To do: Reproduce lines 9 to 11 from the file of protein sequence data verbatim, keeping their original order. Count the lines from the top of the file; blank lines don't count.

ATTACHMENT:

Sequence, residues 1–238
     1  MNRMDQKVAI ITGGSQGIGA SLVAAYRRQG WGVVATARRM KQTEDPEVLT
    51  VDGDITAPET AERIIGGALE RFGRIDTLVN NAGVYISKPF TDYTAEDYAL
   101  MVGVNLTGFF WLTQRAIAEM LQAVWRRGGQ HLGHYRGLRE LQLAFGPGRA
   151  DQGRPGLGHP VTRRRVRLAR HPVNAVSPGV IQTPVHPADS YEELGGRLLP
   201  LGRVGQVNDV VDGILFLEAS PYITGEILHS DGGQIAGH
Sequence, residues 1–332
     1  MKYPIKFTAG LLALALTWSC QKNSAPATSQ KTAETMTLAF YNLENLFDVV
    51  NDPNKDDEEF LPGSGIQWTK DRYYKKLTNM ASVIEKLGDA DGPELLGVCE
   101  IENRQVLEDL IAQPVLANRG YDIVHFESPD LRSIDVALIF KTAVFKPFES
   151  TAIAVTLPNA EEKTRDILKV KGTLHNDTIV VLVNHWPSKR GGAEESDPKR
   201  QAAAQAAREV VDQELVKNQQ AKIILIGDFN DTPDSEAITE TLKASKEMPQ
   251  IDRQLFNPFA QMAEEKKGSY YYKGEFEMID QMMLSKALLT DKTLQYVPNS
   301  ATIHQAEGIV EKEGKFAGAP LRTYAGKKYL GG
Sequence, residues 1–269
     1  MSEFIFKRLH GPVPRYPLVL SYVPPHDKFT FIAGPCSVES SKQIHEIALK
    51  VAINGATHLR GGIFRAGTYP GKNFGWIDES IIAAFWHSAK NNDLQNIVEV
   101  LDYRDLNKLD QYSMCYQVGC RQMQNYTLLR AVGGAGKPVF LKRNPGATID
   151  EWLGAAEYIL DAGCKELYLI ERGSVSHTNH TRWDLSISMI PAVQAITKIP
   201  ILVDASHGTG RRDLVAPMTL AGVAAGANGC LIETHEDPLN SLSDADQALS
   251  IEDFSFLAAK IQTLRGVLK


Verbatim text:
    51  NDPNKDDEEF LPGSGIQWTK DRYYKKLTNM ASVIEKLGDA DGPELLGVCE
   101  IENRQVLEDL IAQPVLANRG YDIVHFESPD LRSIDVALIF KTAVFKPFES
   151  TAIAVTLPNA EEKTRDILKV KGTLHNDTIV VLVNHWPSKR GGAEESDPKR